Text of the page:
Fix two positive numbers and . The volume of the intersection of balls of radii and is a function of the distance between their centers. Is it a *decreasing* function?

Wolfram MathWorld gives a formula for this volume in the three-dimensional case

(Here and in the sequel it is assumed that .) From this formula it is not at all obvious that is decreasing. And this is just for three dimensions.

Let’s begin with the one-dimensional case, then. Consider the intervals and where . A point belongs to their intersection if and only if

Hence, the length of the intersection is . Even this simple formula does not quite make it evident that the function is decreasing for . If this is clear enough, but the case .

Fortunately, Fubini’s theorem reduces the general case to the one-dimensional one. Take any line parallel to the line connecting the centers. The intersection of each ball with is a line segment whose length is independent of . The distance between the midpoints of these segments is ; thus, the length of the intersection is a decreasing function of .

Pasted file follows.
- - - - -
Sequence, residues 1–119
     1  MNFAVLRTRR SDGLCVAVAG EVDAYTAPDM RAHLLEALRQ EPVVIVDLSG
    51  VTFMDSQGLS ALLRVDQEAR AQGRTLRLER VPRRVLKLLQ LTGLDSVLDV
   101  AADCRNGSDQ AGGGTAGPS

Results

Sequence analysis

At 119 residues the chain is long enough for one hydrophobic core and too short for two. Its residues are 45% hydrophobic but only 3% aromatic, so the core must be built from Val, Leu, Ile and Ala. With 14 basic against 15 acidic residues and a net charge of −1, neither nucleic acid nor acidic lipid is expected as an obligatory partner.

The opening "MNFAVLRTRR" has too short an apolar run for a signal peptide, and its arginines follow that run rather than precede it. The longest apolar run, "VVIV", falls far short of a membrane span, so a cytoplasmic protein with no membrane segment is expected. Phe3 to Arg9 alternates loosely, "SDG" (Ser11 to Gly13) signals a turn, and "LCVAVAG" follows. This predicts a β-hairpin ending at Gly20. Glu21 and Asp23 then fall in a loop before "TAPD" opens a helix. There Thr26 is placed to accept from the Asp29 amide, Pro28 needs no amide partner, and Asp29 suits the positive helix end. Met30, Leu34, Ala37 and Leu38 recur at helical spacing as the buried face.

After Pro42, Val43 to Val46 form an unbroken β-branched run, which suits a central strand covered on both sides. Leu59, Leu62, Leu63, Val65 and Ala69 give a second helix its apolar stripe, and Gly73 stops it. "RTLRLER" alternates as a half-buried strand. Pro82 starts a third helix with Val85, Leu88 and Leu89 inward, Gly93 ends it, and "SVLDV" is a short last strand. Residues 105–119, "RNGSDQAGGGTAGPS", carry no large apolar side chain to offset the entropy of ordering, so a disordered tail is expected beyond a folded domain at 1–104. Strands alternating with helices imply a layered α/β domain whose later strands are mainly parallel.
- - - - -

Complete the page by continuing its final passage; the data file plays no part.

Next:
Gromov’s note *Monotonicity of the volume of intersection of balls* (1987) deals with the more general case of balls in : if two sets of balls an satisfy for all , then the volume of does not exceed the volume of .

The paper ends with

Question: Who is the author of [this result]? My guess is this was known to Archimedes. Undoubtedly the theorem can be located […] somewhere in the 17th century.

Meanwhile, the corresponding problem for the volume of the *union* remains open.

i think you missed the assumption k \leq n+1 in Gromov’s theorem…

Thanks, fixed.